“I can’t believe how many times he rides a six-10, 250-pound guy out of bounds to grab a rebound, at his size,” Nurse said. “That’s going on five times a game. It’s unbelievable.”
We really don’t talk about Lowry’s efforts enough. And the flip side of that is those who don’t watch the Raptors regularly don’t talk about it enough, either. Lowry’s best plays aren’t the ones that make highlights. They’re the gritty, tenacious, indispensable ones that help teams win games. But unlike Young, who makes YouTubers money every time he touches the floor, no one’s stitching together compilations of Lowry.
“I am constantly amazed at the plays this guy makes away from scoring and assisting,” Nurse said. “He competes. If you want to list a whole lot of skills that make guys good, or if you’re drafting people, picking guys for your team or whatever, guys who compete has got to be up there really high. And he wins, right? He wins. He’s been out there with a lot of different groups of guys over the last seven years and he’s been one of the constants. And the record looks the same almost every year.”
Which is to say nothing of the fact Lowry’s averaging over 20 points per game — not far off his career-high of 22.4 in 2016-17 — while flirting with the league-lead in minutes per game as a soon-to-be 34-year-old. Tuesday night, he set a franchise assist record and made all those little plays he always does while flirting with a triple-double.
“Kobe’s one of those guys who, like I said, if anybody wants to know about me, I’ll be OK. And I think when you see somebody that young leave us for me having conversations with somebody, talking about how happy he was and doing what he was doing. He was being able to travel around with his daughter get to the game and teaching her and that’s what makes it a little harder,” Carter said.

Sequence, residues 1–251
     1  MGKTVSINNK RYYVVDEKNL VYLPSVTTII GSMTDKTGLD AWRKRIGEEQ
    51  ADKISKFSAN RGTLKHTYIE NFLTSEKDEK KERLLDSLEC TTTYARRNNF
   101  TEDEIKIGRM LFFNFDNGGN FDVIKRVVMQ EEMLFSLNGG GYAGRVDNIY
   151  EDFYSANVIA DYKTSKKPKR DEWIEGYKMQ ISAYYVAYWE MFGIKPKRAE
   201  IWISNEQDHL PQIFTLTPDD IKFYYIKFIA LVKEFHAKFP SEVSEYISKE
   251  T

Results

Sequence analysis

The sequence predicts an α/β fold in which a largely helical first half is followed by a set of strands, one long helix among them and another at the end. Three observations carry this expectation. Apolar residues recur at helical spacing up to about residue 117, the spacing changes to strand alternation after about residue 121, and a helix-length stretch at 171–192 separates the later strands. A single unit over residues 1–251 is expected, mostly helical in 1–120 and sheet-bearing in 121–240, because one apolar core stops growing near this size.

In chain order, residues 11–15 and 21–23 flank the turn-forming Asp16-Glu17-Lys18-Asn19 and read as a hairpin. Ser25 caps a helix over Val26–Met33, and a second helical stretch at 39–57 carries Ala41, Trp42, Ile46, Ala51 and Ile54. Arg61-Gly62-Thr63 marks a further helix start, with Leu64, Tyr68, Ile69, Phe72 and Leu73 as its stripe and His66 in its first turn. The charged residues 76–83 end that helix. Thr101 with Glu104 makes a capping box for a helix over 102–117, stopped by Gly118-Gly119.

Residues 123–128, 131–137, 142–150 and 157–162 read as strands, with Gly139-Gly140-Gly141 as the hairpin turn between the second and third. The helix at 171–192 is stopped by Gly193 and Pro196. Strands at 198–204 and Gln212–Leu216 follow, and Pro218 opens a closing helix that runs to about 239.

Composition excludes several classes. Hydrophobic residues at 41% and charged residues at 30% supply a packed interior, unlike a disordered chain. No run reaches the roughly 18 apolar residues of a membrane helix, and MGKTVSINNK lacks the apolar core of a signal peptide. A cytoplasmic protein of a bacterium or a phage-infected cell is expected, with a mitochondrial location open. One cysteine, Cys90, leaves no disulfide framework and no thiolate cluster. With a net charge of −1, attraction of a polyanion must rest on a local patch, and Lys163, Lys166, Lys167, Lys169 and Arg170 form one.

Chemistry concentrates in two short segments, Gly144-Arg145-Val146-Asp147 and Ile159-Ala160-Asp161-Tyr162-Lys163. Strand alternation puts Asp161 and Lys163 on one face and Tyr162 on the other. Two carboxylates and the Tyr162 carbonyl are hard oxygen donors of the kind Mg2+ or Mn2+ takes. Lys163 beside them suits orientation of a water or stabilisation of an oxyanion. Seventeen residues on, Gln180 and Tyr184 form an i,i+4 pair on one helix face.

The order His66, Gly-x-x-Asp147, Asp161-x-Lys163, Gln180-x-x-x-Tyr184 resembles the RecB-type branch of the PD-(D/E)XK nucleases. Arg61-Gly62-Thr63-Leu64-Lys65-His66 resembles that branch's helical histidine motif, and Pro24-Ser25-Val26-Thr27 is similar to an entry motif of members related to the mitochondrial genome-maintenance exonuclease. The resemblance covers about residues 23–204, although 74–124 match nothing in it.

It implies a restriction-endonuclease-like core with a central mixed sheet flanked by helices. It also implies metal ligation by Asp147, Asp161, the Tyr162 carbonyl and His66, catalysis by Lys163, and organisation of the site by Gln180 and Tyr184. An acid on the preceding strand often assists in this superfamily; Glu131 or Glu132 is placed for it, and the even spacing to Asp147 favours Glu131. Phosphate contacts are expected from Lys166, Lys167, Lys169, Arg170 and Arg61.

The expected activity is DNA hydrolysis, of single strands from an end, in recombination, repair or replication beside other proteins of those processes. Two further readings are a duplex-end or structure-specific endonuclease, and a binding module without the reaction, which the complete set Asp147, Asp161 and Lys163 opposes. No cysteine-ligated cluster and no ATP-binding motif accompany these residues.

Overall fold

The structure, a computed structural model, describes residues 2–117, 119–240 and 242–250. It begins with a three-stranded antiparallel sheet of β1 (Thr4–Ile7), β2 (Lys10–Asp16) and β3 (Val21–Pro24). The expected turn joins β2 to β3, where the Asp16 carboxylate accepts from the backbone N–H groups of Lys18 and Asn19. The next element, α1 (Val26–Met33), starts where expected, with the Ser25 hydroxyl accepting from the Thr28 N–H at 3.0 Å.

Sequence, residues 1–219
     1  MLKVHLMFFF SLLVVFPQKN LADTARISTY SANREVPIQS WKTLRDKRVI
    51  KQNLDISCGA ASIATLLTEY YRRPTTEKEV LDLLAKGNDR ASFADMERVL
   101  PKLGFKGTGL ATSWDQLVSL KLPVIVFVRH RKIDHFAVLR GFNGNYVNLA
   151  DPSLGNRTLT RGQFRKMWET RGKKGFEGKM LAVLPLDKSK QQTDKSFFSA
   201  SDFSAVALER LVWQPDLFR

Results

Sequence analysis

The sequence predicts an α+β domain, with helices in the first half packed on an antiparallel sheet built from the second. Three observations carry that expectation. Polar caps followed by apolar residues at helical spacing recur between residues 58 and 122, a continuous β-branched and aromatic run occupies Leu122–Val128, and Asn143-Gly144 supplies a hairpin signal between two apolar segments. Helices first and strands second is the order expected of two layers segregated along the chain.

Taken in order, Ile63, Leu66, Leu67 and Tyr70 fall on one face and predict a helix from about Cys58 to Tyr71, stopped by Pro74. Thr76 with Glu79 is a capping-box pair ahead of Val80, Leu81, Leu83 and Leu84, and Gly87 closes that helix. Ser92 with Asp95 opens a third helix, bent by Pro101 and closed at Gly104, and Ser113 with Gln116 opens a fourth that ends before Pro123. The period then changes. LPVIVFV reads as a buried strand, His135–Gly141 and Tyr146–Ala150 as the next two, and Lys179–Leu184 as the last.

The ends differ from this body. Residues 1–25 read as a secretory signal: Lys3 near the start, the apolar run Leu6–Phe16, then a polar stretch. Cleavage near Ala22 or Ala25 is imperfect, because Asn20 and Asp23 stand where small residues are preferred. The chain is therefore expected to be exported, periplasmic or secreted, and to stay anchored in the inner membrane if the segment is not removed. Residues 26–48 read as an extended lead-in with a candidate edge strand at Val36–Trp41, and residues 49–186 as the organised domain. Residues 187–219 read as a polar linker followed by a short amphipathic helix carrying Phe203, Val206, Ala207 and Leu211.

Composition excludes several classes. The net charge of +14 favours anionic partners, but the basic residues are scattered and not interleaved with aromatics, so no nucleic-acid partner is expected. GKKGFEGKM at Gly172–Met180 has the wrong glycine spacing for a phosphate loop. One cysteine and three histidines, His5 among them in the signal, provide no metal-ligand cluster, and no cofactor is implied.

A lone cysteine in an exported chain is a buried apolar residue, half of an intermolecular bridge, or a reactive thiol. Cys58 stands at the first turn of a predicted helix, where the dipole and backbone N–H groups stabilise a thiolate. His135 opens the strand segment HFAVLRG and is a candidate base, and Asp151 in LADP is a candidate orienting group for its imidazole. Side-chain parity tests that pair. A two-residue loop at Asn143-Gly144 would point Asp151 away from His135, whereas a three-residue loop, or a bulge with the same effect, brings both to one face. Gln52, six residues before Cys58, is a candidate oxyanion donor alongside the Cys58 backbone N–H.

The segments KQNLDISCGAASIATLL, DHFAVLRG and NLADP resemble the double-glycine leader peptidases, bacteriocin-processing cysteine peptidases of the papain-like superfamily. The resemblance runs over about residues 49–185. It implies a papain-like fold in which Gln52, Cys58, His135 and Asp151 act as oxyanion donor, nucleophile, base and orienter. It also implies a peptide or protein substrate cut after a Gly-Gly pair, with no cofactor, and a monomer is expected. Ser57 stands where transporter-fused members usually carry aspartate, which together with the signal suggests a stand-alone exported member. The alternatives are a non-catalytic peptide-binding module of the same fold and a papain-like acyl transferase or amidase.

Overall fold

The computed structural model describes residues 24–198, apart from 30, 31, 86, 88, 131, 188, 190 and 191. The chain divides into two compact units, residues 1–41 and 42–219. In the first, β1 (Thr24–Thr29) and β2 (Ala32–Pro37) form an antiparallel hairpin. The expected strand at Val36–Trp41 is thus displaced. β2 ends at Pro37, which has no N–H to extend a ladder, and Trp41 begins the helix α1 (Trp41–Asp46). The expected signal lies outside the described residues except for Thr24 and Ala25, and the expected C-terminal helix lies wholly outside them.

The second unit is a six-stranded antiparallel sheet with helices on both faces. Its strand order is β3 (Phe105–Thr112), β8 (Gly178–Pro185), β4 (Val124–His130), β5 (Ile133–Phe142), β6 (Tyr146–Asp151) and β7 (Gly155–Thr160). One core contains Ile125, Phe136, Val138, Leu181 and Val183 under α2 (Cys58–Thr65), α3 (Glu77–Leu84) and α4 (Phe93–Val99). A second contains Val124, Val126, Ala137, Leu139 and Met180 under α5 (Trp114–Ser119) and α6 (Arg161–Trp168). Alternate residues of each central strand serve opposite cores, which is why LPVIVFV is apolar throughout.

The former Air Canada said that even though Bryant was younger, when he showed up at AAU that summer, it was obvious he was different.
“Once he got there, I mean the swagger, the confidence at that age, you knew he was going to be something. And obviously when we started playing games and doing what he was doing, he came in and he was one of our point guards. And his ability to shoot, obviously, how tall he was, his ability to pass, make plays. I remember he was shooting half-court shots. He wasn’t making them all, but the confidence to come on an AAU team that was that good and still feel like I could shoot half-court shots in games. And he’d make a few. So you were in awe of his range and his ability, and his confidence was second to none,” he said.
That confidence would never waver. Never. Especially when they would square off in the NBA.
“Like I said, you hated to play against him. We’ve had finger-pointing moments in L.A. I remember we were about to go at it,” Carter said.
“And we’ve had moments where we were just laughing and joking. It was a friendly battle but you knew he was still going to bring it. And it’s amazing for the people that hated him, that final night when he scored 60 points and he’s walking away, that time he drops the mic and says ‘Mamba out,’ I think he captivated the world and everybody began to love him. I think that’s where that came from. And I feel like it was the same with Michael Jordan (when he retired for the second time). I was there for that too. And for those that hated him, once he walked away it kinda just flipped. It’s the same. It’s just amazing.”
Kobe was the exception, though. He came into the league around the same time as the Raptors did. He wasn’t relatable. Few professional athletes are. He was larger than life, could jump out of the gym and took a helicopter to work. He also wasn’t perfect. But as polarizing as he was – as a player and as a man – people were drawn to him in Toronto, like they were everywhere else.